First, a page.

NFC Championship - Detroit Lions v San Francisco 49ers
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The 49ers' legendary comeback in the NFC championship game win over the Lions was sparked by head coach Kyle Shanahan's dedication to his scheme that maximizes offensive efficiency. 

In the first half, Brock Purdy was 7 of 15 for 93 yards with no touchdowns and a pick. San Francisco was pedestrian on the ground with 38 yards on 13 carries.  

During the regular season, San Francisco motioned at the second-highest rate in the NFL (70.2% of all offensive snaps), and used motion at the snap on a whopping 37.7% of its offensive plays (per ESPN), the third-highest percentage in football. 

The second half featured more conventional 49ers offensive efficiency from Purdy. The second-year pro went 13 of 16 for 174 yards with one touchdown in the ferocious comeback in which San Francisco erased a 17-point lead. 

The 49ers also totaled 117 yards on 20 second-half rush attempts. 

How did they do it? 

Let's dive inside the schematics from Shanahan who, after halftime, authored a master class in motion utilization to gain advantages on the ground and through the air.

Starting here, on the first play of the second half, check how Shanahan got the advantage in the numbers game on an 8-yard scamper to the right by Christian McCaffrey

Motion and then more motion, right before the snap. 

And let's cut the field in half, through the center, to best understand what happened here. 

George Kittle motioned from left to right. After that movement, starting with the center, who was in prime position with the nose tackle aligned further down the line, away from the eventual run direction, the 49ers had four blockers for three in-the-box Lions defenders -- and the dynamic goes to four vs. three if you count Brandon Aiyuk and the Lions cornerback on the outside. 

Those type of advantages occur often in the ground game, and don't always equate to a successful run. 

Watch what happens a second before the snap. 

All-Pro fullback Kyle Juszczyk flew across the formation essentially at the snap, giving the 49ers a five-on-three (or six-on-four) advantage to that side of the field, including a bowling ball lead blocker charging in front of McCaffrey. 

With Aiyuk blocking down after his cornerback sunk before the snap, this was bound to be a positive gain on the ground for the 49ers.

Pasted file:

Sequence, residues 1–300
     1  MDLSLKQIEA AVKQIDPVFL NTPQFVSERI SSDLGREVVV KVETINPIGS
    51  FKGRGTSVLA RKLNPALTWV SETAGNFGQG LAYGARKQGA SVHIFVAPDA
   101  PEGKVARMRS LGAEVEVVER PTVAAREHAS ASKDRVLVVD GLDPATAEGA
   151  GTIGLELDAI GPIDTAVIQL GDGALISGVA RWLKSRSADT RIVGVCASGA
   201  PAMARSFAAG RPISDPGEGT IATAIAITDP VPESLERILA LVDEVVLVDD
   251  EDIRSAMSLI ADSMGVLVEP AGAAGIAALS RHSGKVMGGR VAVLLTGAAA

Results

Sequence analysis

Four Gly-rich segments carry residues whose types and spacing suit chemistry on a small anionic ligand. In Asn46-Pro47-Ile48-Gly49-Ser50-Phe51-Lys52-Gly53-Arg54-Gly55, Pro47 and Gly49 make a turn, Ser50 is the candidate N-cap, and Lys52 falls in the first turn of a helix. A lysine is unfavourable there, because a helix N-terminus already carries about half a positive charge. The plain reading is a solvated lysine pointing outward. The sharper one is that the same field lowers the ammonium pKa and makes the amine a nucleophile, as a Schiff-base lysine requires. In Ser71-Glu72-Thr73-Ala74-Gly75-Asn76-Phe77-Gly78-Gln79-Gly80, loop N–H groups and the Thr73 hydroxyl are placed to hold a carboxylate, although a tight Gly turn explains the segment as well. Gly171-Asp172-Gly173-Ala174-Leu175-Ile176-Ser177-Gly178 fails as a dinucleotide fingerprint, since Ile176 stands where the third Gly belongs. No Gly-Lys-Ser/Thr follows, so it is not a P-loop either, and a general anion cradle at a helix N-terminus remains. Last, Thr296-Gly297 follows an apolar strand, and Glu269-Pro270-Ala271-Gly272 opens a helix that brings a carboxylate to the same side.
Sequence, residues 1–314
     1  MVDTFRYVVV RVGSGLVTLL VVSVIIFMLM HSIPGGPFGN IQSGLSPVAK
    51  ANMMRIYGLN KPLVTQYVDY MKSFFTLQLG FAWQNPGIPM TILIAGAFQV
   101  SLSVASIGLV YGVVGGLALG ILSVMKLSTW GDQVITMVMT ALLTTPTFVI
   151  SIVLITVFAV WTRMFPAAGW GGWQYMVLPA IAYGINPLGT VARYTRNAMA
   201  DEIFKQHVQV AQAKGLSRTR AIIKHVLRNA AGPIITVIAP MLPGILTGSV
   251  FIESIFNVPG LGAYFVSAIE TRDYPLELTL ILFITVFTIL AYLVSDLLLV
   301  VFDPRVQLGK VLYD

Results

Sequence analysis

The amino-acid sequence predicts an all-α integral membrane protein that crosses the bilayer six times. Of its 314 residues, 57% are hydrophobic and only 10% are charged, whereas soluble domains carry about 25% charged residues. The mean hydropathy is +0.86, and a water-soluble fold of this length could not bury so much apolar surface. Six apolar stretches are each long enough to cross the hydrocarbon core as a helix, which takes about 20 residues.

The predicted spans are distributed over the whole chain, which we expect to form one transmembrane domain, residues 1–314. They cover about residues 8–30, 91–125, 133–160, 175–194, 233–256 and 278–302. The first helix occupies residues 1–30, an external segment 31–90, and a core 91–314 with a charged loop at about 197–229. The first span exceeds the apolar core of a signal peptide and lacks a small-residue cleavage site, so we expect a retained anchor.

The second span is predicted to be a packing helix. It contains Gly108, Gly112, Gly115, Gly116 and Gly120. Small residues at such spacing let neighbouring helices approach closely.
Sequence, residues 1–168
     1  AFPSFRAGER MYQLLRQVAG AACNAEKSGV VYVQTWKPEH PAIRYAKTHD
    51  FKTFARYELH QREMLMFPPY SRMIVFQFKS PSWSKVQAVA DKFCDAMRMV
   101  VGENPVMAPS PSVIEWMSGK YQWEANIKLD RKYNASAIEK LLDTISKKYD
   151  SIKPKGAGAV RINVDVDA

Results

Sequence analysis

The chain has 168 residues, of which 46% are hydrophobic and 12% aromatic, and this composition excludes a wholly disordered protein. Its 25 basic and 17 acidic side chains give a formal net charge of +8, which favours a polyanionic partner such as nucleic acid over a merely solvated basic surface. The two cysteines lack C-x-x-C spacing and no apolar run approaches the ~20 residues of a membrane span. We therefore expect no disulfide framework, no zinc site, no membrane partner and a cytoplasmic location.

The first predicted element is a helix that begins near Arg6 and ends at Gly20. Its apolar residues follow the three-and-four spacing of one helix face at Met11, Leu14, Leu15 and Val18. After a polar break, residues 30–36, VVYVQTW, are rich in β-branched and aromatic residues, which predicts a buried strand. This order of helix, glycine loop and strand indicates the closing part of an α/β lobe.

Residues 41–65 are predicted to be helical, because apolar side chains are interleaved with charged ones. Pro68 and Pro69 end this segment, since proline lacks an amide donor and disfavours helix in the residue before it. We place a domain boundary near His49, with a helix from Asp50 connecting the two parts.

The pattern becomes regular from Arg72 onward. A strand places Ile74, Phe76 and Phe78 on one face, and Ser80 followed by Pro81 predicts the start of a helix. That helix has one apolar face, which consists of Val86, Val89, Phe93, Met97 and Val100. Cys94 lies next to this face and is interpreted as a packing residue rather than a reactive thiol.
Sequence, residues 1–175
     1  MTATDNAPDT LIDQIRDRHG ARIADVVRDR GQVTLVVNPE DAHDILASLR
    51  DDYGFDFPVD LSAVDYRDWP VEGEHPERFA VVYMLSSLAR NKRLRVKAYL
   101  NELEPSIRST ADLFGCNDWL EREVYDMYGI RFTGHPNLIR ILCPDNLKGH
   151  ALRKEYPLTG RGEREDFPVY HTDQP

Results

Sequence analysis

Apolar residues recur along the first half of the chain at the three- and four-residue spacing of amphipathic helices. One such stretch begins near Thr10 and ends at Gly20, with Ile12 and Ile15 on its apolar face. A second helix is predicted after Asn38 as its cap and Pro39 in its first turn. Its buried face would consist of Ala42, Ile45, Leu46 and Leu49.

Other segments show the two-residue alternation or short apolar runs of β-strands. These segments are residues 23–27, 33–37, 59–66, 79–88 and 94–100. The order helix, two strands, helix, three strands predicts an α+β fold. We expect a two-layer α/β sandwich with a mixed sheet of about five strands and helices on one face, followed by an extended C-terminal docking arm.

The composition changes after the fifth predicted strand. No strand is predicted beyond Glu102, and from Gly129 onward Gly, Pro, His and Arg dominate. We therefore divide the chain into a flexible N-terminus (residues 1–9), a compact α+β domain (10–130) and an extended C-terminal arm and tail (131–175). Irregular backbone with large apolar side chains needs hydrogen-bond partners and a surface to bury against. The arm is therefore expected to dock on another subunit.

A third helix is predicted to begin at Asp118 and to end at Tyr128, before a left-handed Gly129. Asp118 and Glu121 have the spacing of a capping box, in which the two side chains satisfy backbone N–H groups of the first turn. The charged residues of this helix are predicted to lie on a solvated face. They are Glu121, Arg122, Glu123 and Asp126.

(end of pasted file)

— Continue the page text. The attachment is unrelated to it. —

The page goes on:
Actually, the fact the Lions were able to contain this run to just an 8-yard gain was impressive. Then, the 49ers were in second-and-2, a situation in which every offense wants to be. 

And what did Shanahan do? Sent out an extra offensive lineman and aligned Juszczyk attached to the formation on the right side of the now jumbo line. Clear run look. 

But it was play-action against an eight-man box and a single-high safety look -- plenty of room for Aiyuk and Deebo Samuel, the latter being the target on this pass, which amounted to a 26-yard gain.

In the regular season, Purdy's completion percentage jumped a mammoth 14.3% (!) when using play-action compared to when he didn't -- the third-largest jump in football -- and his yards-per-attempt average of 10.6 on play-action was the third-highest among qualifiers. 

While that drive ultimately stalled and led to a field goal, the 49ers hit on two of their offensive staples, which hadn't occurred in the first half. 

Quick, check the numbers game on this 2-yard run in the first quarter. Detroit had San Francisco outmanned, five to four. 

Totally different right? It was if in the first half, the 49ers were trying to outsmart the Lions with misdirection. That didn't work. Detroit was ready. 

Back to the second half -- this was the first play of the 49ers second drive, after the Lions failed to convert on fourth down. What do you notice? 

Yep, another Juszczyk late motion to give San Francisco a lead blocker with a running start on the play side of the field. While the 49ers didn't technically get a numbers advantage with Juszczyk's motion, they were even in blockers vs. defenders (two vs. two), which essentially made it was Samuel vs. a safety flying downhill. And the 49ers will take that matchup every time. 

Watch here, how the use of short motion into a stacked look at the top of the screen provided Kittle a free release off the line, which was all he needed to run a gorgeous sail route -- which may have featured him getting away with push off -- to get wide open for Purdy en route to a 28-yard gain. 

The pre-snap motion was humming for the 49ers in the second half. 

On what basically amounted to the dagger, this 25-yard run deep into the Lions end, already with a three-point lead, the 49ers won the numbers game again. This time, no motion was needed, believe it or not. 

Again, cut the offensive line in half. View it that way. From the center to the right side of the screen, the 49ers had five blockers to just four Lions defenders. The nose tackle aligned just a shade away from this run direction allowed center Jake Brendel to ignore the defensive line, and climb to the second level where he had an angle advantage on inside linebacker Alex Anzalone.

That left a pair of double teams up front and an awesome peel off the outside double team by veteran blocking tight end Charlie Woerner to dispatch the outside cornerback from filling and making a play on McCaffrey close to the line. 

Now, San Francisco's epic comeback wasn't solely thanks to scheme. Purdy had a 21-yard scramble as the comeback was mounting and a ridiculous escape from a sack on a 10-yard completion to Juszczyk. McCaffrey made plays. Oh yeah and Aiyuk's catch on a tipped pass deep down the field? That helped a bit too. 

But the 49ers got back to their core offensive concepts and philosophies, and they worked awesomely in the second half. Now they're going to another Super Bowl with Shanahan.